Legal, Moral, and Metaphysical Notions of ‘Sameness’ of Action-Types

Michael S. Moore

in Act and Crime

Published in print August 2010 | ISBN: 9780199599509
Published online September 2010 | e-ISBN: 9780191594656 | DOI:
Legal, Moral, and Metaphysical Notions of ‘Sameness’ of Action-Types

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This chapter takes up the first of the two ‘sameness’ questions distinguished in the last chapter. This is the question of whether an accused can be punished separately for two (or more) offenses when a single act by him instantiates both (or all) such offenses. Multiple punishments are banned when the offenses are ‘the same.’ A ‘wrong-relative’ test is proposed for deciding upon the legal sameness of offenses. Such a test does not demand that the prohibited act types be fully identical in order to be legally ‘the same offense’, rather, merely partially identical act-types should be legally ‘the same’ when the parts that overlap constitute the same moral wrong, and when the parts that do not overlap do not constitute new and different moral wrongs. The basic idea is that the goal of proportionate punishment (that lies behind the relevant double jeopardy prohibition) demands that we assess the amount of wrongdoing done by an accused's single act, and that to assess this we must be able to count distinct wrongs.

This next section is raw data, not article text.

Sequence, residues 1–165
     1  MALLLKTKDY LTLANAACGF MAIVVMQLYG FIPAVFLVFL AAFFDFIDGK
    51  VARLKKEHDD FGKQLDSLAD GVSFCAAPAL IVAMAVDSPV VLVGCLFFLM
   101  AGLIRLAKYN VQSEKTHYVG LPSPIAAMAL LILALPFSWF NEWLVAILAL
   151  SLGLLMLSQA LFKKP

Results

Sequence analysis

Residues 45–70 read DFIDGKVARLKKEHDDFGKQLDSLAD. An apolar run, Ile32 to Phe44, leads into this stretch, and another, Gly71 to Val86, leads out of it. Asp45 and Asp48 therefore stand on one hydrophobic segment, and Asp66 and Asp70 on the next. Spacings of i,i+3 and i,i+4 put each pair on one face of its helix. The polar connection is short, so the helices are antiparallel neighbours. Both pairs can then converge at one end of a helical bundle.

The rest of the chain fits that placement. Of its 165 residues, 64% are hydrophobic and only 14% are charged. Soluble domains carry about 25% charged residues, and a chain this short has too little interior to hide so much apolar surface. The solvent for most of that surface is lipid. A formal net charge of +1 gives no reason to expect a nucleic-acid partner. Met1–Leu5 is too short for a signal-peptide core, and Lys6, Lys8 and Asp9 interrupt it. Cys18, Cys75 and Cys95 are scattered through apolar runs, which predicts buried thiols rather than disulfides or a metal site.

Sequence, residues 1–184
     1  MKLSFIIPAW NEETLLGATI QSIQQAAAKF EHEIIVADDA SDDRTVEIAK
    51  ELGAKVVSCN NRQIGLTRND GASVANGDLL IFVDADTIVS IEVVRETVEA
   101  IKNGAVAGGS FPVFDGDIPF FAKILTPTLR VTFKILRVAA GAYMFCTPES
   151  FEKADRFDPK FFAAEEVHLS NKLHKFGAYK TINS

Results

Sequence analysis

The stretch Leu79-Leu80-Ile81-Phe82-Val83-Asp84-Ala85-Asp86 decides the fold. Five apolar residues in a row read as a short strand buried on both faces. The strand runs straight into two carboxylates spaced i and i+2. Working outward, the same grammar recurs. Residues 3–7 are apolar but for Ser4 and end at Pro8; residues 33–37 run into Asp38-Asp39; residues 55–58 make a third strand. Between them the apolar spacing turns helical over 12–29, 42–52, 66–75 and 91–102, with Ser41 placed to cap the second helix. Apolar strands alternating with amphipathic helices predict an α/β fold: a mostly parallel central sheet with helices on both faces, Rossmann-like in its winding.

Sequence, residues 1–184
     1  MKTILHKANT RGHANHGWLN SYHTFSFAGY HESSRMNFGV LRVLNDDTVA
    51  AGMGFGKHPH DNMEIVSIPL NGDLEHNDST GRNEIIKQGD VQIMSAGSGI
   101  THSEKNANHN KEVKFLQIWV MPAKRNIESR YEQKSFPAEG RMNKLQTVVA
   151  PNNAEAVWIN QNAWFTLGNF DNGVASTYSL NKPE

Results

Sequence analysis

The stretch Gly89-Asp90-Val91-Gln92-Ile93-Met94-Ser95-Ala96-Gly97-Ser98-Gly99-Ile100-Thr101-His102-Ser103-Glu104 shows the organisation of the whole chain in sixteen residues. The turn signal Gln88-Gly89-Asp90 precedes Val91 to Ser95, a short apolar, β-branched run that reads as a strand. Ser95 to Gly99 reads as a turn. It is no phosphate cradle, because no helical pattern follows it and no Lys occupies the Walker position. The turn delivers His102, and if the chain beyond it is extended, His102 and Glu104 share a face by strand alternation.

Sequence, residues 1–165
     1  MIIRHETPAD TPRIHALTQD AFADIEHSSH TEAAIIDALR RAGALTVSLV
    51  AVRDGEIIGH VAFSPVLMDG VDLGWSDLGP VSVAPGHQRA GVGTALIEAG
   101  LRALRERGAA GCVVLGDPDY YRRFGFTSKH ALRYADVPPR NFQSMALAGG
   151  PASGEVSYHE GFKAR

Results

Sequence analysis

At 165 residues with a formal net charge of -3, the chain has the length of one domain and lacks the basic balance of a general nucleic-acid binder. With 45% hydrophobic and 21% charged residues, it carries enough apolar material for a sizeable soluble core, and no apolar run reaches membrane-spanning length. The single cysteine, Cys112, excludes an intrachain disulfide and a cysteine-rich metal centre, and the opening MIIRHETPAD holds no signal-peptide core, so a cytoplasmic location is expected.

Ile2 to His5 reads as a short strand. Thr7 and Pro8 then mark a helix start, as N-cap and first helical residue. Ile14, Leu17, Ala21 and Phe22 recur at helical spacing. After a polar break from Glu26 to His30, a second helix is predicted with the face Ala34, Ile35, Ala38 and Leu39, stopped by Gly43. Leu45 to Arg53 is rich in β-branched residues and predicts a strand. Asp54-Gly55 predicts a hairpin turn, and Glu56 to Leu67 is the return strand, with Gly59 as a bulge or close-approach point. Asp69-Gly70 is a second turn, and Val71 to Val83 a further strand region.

Keywords: act types; same offense; partial identity; wrong-relative individuation; overlapping statutes

Chapter.  12349 words. 

Subjects: Jurisprudence and Philosophy of Law

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